Sam and the remaining Night’s Watch appear at Craster’s Keep, looking for food and shelter. Craster gives them a little food, grudgingly. Gilly, the pregnant girl from season 2, is giving birth, and the ever-civilized Craster order one of his wives to tell her, “She can bite down on a rag or she can bite down on my fist.”
Craster then tells the others to dine on the overweight Sam.
Disliking the direction in which the conversation is taking, Sam leaves to find Gilly. She finally gives birth to a boy. And we all know what Craster does with his boys. (He hands them over to the White Walkers, that’s what.)
Books vs. TV show: Many of the lines and events here in the episode are taken directly from the book.
Winner: The TV show, by a hair, because of the TV writers’ twisted addition of cannibalism. I didn’t see that coming, but that line is perfectly Craster.
Arya and her friends Gendry and Hot Pie are now “guests” of the Brotherhood Without Banners…not that they’re free to go. The Hound is an all-out prisoner, and he’s led, head covered, into a wagon. Watch out, Hound, or else your head will get thwac—too late. As they head out, Hot Pie has decided to stay at the inn. He’s made Arya some bread in the (mis)shape of a House Stark’s wolf as a farewell gift.
Books vs. TV show: Hot Pie left Arya more abruptly. Here their parting was more sentimental.
Winner: The TV show if you like sentiment; the book if you like it GRRM grim.
Although the scenes with Stannis are usually in Stannis’ point of view, we have absolutely shifted to the Red Priestess in this scene. Melisandre has a mission to attend to, one that she won’t reveal to Stannis. Stannis pleads with her to stay and give him another son, but she won’t. “You will sit on the Iron Throne,” she says, “but first there must be sacrifices.” What kind of sacrifices? Her magic requires a king’s blood. And he’s not the only Baratheon left.
Books vs. TV show: In the books, her magic requires “the blood of a king,” and as there are many people who claim the crown of Westeros, it seems that many people are in danger of Melisandre’s sorcery. As we know in the books, one of the few living Baratheons left is Edric Storm, Robert Baratheon’s only acknowledged bastard. It’s Edric that Melisandre is gunning after.
Winner: None. Melisandre isn’t a very full-fledged character, either here or in the first few books, and her plans aren’t engaging to me. Her actions, yes, but her plans? I’ll wait for her next move before I get excited.
Theon escapes from his prison with the help of a man in his sister Yara’s employ. The man gives Theon a horse and tells him to ride East, where Yara will be waiting. Theon rides East, but instead of Yara, he sees guards. They capture him…a try to rape him. Lucky for Theon, the man who helped him escape arrives and kills all the guards. He leads Theon away.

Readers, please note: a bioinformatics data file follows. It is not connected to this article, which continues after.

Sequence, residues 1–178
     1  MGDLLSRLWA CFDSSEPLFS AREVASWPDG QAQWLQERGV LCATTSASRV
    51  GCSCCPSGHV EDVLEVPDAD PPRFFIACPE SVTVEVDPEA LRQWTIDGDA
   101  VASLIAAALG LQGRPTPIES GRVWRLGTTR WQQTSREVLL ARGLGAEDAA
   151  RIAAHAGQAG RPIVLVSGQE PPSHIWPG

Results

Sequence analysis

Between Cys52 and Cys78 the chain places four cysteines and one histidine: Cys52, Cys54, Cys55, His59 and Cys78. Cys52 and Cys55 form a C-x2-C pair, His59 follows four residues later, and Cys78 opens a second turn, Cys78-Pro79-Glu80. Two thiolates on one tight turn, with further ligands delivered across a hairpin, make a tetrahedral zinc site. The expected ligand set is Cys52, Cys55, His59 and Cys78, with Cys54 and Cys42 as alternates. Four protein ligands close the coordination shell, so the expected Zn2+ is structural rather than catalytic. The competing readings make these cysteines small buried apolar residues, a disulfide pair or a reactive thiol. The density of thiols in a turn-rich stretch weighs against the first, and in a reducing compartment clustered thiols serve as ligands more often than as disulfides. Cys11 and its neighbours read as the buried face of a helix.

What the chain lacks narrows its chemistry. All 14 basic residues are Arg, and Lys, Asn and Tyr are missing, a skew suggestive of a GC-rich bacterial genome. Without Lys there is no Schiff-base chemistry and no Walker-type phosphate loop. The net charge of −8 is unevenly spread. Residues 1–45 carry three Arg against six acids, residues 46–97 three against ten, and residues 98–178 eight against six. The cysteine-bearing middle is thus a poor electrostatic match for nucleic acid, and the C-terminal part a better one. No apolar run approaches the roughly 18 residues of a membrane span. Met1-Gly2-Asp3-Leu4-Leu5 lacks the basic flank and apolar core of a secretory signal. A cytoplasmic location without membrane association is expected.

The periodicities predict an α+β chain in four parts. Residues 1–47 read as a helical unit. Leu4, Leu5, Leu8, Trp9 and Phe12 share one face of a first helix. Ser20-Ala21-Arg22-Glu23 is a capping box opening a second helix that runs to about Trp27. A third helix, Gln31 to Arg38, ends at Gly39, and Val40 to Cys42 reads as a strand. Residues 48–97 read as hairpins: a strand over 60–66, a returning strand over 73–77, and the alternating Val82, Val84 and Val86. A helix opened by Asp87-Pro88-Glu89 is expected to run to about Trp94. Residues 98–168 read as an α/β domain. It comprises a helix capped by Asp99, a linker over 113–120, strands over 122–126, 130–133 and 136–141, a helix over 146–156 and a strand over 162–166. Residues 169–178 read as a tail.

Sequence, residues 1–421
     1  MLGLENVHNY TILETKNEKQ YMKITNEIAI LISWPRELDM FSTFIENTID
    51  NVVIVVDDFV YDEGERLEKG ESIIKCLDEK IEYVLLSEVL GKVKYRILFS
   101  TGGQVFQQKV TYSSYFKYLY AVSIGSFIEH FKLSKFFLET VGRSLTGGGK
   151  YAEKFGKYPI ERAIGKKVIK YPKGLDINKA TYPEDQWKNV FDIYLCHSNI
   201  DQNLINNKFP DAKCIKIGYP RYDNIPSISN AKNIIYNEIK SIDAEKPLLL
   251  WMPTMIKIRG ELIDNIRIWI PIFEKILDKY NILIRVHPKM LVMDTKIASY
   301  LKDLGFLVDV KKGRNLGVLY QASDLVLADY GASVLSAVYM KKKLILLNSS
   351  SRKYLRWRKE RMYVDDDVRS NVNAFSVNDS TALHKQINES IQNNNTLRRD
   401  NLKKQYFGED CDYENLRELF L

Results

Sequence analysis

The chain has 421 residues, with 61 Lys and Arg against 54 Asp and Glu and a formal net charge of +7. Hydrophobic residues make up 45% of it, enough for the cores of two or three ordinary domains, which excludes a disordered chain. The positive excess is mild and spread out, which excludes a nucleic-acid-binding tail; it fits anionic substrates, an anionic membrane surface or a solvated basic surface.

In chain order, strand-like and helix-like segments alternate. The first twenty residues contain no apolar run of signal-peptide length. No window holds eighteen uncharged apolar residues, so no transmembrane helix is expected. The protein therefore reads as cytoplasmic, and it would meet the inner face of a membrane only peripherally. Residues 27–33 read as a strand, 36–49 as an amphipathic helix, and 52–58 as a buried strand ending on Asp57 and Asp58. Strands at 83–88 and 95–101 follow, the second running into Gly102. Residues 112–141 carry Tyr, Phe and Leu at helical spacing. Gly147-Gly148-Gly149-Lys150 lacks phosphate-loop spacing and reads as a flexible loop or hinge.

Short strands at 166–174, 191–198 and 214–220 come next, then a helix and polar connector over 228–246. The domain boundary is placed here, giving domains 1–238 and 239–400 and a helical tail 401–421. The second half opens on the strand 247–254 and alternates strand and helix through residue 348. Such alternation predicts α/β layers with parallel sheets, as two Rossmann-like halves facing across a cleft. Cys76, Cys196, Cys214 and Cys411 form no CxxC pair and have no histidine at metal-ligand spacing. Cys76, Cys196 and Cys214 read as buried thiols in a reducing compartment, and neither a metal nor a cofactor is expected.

Books vs. TV show: None of the events here occur in the book but are referred to obliquely as something that had happened in the past. Therefore, the TV show wins.
Jaime Lannister and Brienne have been taken captive by the Brave Companions and tied up together. Jaime warns Brienne that—to coin a phrase from Cersei from last season—she’s in for a bit of a rape. He urges her not to fight them, or else she’ll be killed.
That night, Brienne is led off by three men, and we hear her screams in the distance. Jaime, who for the very first time in the series acts the way we think a knight should act, defends Brienne by telling their main kidnapper that she comes from Tarth, the Sapphire Isles, and that she’s worth her weight in gemstones should she be returned to her father unharmed. She’s returned unscathed.
Jaime confers with the kidnapper and thinks he’s made an ally. But the kidnapper suddenly turns vicious. In a move that you couldn’t have seen coming, he cuts off Jaime’s right hand.
Book vs. TV show: Most of what happens in the books happens here, with a few differences. We learn in the books that Jaime had lied: The Sapphire Isles are named for the color of the water, though, not the Isles’ riches. The main kidnapper has a name, Vargo Hoat, who is sworn to Roose Bolton. Vargo didn’t maim the Kingslayer himself; he had a Dothraki sellsword do it for him.
Winner: The book. What happens in the TV show is well-plotted, whereas the scenes in the book are somewhat scattered. But in the book, Hoat’s men, the Brave Companions, are about as vicious and frightening as they come, and I feared them in a way I don’t fear the rape-kill-pillage caricatures of the TV show. Also, when Jaime was captured, he had refused to scream. But when the Dothraki took his hand, he could not help himself. It was an extremely well-written scene.
The fewer characters in each episode of Game of Thrones, the better the episode is. I’m saying this not because I don’t love Sansa or Bran or Davos, who didn’t appear in “Walk of Punishment.” I’m saying this because I love them so much that I want to see more of them. If the HBO show is flawed, it’s because there are too many characters, all of whom are marvelous, and it’s bothersome to see them in bits and pieces, rather than an hour-long show dedicated to each and every one of them. Game of Thrones is almost too good for its own good.
Except for the rape. Seriously, both Brienne and freakin’ Theon are threatened with rape, as well as entire cities, if Daenerys hires vicious sellswords. In season 1, we had an incest count. Here, we have a rape count. Egads.